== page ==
“Even when they made for themselves
A calf of molten metal
And said, ‘This is your God
Who brought you up from Egypt,’
And committed great blasphemies,
Thou, in Thy great compassion,
Didst not forsake them in the wilderness;
The pillar of cloud did not leave them by day,
To guide them on their way,
Nor the pillar of fire by night, to light for them the way in which they were to go.
And Thou didst give Thy good Spirit to instruct them,
Thy manna Thou didst not withhold from their mouth,
And Thou didst give them water for their thirst.”
-Nehemiah 9:18-20 (NASB)
This is the thing which I forget, when I think of the story. That God was by no means silent or invisible when the people demanded that Aaron make them a new god. No. He had descended on the mountain in cloud and fire, so that the people could see Him; and He spoke to Moses with a sound of thunder, so that the people could hear Him (Ex. 19:9). I forget that they had been consecrated on purpose for this descent, and that they were commanded, on pain of death, not to touch the mountain (Ex. 1913). I forget that Moses had come and recounted the law to the people, and that they had vowed to do “All the words which the Lord [had] spoken” (Ex. 24:3). That Aaron and the elders had gone up the mountain with Moses and had seen “the God of Israel; and under His feet there appeared to be a pavement of sapphire, as clear as the sky itself” (Ex. 24:10). That, when “the glory of the Lord was like a consuming fire on the mountain top” and “Moses entered the midst of the cloud .. and was on the mountain forty days and forty nights,” the people down below, with Aaron and the elders, were dining on manna each day (Ex. 24:17, 18).
You know how it must have been. They went out every morning (except Sabbath mornings, according to God’s command) and gathered manna for their families, and looked at the flaming cloud on the mountain-top, and warned their little children not to cross the boundary and touch the mountain. Boys watching the herds worried lest the lambs would cross the boundary, and little dogs brought out of Egypt trembled and barked at the constant thundering.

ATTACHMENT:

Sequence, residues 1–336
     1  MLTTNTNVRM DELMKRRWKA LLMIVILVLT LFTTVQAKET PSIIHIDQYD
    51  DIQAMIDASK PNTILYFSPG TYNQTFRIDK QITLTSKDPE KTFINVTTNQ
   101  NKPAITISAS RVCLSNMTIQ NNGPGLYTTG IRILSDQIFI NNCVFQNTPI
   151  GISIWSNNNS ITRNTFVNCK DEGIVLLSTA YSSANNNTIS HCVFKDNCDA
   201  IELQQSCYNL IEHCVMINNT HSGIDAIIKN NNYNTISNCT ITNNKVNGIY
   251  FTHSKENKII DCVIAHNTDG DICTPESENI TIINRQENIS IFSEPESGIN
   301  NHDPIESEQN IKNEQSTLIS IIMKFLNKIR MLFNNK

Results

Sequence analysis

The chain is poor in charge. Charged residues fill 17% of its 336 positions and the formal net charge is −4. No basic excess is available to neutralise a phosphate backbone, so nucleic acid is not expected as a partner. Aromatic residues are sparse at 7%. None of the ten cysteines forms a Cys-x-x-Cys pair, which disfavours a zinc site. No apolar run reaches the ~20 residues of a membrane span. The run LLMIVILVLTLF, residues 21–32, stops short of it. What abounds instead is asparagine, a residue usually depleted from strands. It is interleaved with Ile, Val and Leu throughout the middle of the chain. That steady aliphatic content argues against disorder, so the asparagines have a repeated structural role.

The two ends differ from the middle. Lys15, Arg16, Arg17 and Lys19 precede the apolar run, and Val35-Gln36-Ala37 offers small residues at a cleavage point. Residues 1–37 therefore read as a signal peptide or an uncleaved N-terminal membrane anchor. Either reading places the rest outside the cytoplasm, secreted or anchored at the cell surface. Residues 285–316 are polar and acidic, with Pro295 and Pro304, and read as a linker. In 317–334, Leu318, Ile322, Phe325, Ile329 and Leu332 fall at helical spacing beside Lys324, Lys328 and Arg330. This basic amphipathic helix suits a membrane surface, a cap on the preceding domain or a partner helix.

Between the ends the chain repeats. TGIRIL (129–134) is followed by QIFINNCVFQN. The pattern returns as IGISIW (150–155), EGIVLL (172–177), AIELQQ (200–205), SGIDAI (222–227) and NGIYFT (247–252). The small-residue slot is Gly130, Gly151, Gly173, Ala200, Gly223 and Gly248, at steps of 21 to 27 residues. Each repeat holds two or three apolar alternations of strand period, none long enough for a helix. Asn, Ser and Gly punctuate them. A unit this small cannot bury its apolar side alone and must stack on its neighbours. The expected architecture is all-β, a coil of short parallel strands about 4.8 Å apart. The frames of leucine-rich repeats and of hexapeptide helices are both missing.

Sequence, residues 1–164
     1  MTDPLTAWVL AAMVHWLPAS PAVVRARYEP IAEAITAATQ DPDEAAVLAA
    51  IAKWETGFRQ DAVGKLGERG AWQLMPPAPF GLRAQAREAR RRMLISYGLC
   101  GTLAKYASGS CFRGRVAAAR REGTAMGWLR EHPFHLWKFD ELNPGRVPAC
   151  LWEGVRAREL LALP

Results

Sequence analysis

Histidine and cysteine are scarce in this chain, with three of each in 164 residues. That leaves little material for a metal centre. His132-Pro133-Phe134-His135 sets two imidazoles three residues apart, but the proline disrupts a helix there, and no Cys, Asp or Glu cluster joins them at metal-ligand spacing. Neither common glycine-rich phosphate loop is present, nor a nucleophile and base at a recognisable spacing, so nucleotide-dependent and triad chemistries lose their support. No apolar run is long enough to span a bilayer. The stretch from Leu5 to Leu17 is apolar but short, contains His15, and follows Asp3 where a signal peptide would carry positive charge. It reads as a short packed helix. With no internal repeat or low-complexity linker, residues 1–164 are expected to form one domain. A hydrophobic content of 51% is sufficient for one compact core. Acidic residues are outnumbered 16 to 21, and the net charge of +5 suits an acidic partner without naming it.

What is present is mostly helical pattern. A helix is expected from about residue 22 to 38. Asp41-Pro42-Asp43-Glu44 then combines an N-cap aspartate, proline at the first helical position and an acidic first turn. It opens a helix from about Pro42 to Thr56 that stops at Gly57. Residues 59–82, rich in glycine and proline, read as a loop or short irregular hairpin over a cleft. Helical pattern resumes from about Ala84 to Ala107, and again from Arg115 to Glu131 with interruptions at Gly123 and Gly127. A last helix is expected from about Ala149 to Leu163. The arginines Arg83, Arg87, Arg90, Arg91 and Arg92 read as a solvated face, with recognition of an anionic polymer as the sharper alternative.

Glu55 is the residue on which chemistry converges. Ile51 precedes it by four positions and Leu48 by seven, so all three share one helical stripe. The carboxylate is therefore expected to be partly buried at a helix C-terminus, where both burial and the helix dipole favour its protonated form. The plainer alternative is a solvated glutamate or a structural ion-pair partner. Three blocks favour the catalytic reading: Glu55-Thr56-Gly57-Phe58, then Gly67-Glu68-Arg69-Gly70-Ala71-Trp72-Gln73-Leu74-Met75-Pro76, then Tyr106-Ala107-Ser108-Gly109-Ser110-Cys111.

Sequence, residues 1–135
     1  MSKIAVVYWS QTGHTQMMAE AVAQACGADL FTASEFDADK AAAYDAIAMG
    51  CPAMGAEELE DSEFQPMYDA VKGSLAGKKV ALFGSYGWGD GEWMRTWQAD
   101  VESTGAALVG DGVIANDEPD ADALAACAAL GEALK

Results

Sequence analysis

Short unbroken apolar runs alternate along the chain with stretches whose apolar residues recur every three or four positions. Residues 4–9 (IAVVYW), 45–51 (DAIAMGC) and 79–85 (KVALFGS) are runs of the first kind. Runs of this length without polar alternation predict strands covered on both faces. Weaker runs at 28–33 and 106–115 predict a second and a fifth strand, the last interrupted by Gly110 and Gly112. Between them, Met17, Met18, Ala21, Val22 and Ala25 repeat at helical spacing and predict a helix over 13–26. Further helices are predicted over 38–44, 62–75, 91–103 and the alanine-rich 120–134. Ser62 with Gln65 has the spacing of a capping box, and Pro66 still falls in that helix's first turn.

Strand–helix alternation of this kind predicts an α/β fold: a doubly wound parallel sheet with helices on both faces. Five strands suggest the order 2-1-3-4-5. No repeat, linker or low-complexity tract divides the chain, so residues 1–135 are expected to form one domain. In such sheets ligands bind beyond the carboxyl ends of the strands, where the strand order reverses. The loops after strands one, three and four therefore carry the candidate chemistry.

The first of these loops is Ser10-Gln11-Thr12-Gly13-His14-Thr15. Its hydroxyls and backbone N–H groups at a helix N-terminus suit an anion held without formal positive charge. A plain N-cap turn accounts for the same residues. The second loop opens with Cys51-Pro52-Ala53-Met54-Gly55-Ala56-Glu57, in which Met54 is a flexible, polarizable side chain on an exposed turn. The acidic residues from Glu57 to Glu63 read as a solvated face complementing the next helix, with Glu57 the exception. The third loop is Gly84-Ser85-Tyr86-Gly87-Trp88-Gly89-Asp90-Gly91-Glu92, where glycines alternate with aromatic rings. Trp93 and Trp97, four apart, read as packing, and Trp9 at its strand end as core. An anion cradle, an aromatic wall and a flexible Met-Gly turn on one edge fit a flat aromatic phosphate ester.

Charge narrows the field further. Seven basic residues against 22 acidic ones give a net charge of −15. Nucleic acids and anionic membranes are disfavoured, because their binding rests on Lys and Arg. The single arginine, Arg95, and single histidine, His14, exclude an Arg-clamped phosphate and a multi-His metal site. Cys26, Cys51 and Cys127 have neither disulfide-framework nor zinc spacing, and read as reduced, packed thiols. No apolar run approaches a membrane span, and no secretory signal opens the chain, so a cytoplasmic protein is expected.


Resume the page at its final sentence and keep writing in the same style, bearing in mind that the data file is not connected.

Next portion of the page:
So it was by no means as if their God had suddenly become silent or invisible. The women gathering manna in the mornings perhaps grumbled to one another: the tiresome food, and the constant noise, and no progress made to any Promised Land with Moses so long absent … and when the grumbling spread through the camp, and the people came to Aaron with their request, Aaron, who had seen the true God of Israel–take note, you who say that if you could only see Him–made Israel a new god, and built that god an altar, and declared a feast to that god (Ex. 32:4,5). And I imagine that, even as “the people sat down to eat and to drink,” there were manna cakes in the feast, and even as they “rose up to play,” they were careful about the boundaries of the mountain.
And the Lord’s anger burned against the people, and Moses shattered the tablets which had been made by God, and the people learned, in sharp terms, the utter folly of their ways. And in the chaos, I prepared a scornful glance for the cowering Aaron, the wimp who would not stand up for the God he had seen and who lied to Moses about it afterward. But no. The journey is resumed, the tabernacle is built, and Aaron, dressed in “holy garments,” is anointed and consecrated to “minister as a priest to [the LORD] … and their anointing shall qualify them for a perpetual priesthood throughout their generations” (Ex. 40:13, 15).
Put your scorn away, foolish child. Your God is great in compassion.
©2011 by Stacy Nott